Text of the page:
2021 Comox Valley Year In Review: September

  • Dec. 28, 2021 5:30 a.m.
A marcher shows off her message along Cliffe Avenue during a climate strike by students through downtown Courtenay. Photo by Mike ChouinardA marcher shows off her message along Cliffe Avenue during a climate strike by students through downtown Courtenay. Photo by Mike Chouinard
Dogs again had their day in the pool at Lewis Park. Photo by Terry FarrellDogs again had their day in the pool at Lewis Park. Photo by Terry Farrell
Captain Caileb Berge (13) and his Glacier King teammates lined up for their official introductions to start the season. After some tough years, the Yetis were in the playoff picture at the Christmas break. Photo by Mike ChouinardCaptain Caileb Berge (13) and his Glacier King teammates lined up for their official introductions to start the season. After some tough years, the Yetis were in the playoff picture at the Christmas break. Photo by Mike Chouinard
Logger sports again featured at the Comox Valley Exhibition to close out the summer. Photo by Nicole FowlerLogger sports again featured at the Comox Valley Exhibition to close out the summer. Photo by Nicole Fowler
Visitors filled Dunsmuir Avenue for the fair Saturday. Photo by Mike Chouinard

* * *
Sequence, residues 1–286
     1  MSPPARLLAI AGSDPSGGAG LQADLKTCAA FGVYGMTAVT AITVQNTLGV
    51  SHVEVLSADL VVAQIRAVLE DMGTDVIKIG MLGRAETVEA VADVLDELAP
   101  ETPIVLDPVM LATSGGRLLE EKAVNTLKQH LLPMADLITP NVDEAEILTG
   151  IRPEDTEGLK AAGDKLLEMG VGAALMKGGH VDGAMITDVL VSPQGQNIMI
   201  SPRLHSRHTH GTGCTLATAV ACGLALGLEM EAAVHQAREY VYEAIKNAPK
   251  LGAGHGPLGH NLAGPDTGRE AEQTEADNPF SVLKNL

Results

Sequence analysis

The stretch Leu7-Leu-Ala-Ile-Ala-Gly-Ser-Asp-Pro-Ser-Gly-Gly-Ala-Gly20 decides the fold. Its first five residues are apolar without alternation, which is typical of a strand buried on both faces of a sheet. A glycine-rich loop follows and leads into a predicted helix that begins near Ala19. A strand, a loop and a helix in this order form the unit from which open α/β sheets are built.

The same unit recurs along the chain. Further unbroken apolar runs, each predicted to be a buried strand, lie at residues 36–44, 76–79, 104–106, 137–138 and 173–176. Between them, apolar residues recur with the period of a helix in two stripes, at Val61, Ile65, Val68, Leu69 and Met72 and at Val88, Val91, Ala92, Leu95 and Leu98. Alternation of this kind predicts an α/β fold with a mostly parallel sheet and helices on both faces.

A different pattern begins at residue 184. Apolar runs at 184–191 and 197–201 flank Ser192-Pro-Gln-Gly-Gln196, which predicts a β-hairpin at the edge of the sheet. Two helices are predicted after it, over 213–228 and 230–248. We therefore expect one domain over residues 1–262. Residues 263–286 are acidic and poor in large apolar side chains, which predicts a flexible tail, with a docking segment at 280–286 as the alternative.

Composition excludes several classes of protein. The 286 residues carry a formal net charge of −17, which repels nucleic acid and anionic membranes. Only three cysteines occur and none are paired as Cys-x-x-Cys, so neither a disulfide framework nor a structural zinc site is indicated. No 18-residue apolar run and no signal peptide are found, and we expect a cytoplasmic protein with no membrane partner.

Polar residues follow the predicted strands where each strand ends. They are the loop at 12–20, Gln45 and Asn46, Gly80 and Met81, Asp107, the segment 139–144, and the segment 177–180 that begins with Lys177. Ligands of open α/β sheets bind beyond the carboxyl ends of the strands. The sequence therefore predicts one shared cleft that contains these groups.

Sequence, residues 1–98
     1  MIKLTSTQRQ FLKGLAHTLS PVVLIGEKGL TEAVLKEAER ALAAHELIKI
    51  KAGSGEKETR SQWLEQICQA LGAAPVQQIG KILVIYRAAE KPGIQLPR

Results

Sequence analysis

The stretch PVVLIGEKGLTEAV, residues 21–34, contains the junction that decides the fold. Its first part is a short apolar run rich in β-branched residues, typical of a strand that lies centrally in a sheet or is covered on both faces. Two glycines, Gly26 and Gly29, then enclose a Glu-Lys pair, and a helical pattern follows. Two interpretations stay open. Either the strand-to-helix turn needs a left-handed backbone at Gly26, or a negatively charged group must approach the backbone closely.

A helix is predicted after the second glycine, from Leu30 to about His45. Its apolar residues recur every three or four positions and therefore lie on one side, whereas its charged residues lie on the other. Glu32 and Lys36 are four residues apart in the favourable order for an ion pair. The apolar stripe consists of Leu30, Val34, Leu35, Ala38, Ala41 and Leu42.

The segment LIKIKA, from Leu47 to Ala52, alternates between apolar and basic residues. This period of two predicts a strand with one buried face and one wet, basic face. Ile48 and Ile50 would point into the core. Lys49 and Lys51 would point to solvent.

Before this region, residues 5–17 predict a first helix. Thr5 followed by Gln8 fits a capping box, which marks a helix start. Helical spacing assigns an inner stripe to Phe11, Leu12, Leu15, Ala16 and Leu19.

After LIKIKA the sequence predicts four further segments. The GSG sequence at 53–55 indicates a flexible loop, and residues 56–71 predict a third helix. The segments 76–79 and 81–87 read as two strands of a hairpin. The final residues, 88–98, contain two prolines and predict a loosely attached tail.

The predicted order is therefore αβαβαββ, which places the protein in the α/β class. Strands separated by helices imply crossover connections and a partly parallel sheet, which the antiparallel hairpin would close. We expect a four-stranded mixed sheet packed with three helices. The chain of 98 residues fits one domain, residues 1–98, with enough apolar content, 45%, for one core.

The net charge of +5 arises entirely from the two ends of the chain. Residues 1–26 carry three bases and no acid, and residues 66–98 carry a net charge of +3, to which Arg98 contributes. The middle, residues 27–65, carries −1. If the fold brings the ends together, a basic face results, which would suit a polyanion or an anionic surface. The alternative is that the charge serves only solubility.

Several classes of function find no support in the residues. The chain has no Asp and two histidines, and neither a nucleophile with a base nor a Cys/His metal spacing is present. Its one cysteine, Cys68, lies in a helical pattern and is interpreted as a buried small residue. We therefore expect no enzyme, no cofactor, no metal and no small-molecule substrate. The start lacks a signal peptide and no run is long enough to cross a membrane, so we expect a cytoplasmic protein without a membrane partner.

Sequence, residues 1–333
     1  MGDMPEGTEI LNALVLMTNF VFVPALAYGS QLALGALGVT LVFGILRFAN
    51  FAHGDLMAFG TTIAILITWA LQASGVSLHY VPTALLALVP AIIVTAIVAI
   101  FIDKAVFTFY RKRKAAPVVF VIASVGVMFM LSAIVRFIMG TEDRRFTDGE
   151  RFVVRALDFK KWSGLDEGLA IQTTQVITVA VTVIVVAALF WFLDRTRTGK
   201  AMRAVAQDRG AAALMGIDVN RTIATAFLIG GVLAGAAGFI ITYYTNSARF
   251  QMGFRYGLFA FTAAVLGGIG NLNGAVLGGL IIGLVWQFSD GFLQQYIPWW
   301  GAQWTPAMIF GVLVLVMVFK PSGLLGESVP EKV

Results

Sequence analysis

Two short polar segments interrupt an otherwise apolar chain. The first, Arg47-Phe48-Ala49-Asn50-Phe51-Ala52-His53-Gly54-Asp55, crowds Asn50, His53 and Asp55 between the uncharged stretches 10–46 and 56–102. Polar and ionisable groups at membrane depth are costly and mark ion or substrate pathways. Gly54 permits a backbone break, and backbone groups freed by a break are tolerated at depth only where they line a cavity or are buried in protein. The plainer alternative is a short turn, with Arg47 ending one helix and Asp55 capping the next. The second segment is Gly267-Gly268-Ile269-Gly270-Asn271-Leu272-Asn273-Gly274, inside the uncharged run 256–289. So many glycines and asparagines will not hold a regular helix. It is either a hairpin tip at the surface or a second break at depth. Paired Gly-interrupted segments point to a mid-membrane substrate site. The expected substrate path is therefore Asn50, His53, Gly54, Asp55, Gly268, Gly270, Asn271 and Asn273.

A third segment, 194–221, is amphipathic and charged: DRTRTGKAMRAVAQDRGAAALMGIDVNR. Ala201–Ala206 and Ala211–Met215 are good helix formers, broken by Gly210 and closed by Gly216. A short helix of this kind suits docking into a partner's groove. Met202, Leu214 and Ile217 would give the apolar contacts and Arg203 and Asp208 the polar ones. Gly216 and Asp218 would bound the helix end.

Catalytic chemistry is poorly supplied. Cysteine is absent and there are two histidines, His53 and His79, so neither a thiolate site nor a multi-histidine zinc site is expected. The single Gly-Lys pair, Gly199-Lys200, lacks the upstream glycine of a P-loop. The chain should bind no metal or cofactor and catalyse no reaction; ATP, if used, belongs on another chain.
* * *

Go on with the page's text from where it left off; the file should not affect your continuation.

Visitors filled Dunsmuir Avenue in Cumberland for the Foggy Mountain Fall Fair. Photo by Mike Chouinard
Sparks fly during a Crash to Pass race at Saratoga Speedway. Photo by Doug WallerVisitors filled Dunsmuir Avenue in Cumberland for the Foggy Mountain Fall Fair. Photo by Mike Chouinard Sparks fly during a Crash to Pass race at Saratoga Speedway. Photo by Doug Waller

LUSH lands new home

LUSH Valley announced it would have a permanent home come fall at Rosewall Crescent in Tin Town. The space consists of four separate areas: a warehouse space for storing and packing food, office spaces and meeting space, and a site for a future commercial kitchen. The organization had been using temporary spaces such as the Comox Valley Curling Club for its Good Food Box program and other work. Maurita Prato, executive director, noted the location is central in the Comox Valley and located near other non-profits.

Heart recipient boosts vaccine

Two-time heart transplant recipient Robbie Thompson urged COVOD-19 vaccine opponents to reconsider. As an organ transplant recipient, he is immuno-compromised because of the medication he takes. In response to vaccine protests on Sept. 1, he said, “The reason we commit to these vaccinations is not only to help ourselves, but also to help protect and better the lives of millions of other people across our community, the country, and the world at large.”

Property offences net 44 months

A Comox Valley man facing more than 60 charges, mostly related to property crimes, was given sentences equalling 44 months. Michael A. Leighton had been charged first in May 2020 in relation to multiple break-and-enters in the Comox Valley following a lengthy investigation in which police were able to trace many stolen items.

Bag ban reviewed

A Cumberland plan to ban single-use plastic bags got a second life. The move came as a response to changes by the provincial government that would permit local governments to bring in bans of certain plastic products. The village had attempted to bring in a bylaw two years earlier, as has other communities on Vancouver Island. Comox followed suit as its council also considered a bylaw to regulate single-use plastic bags.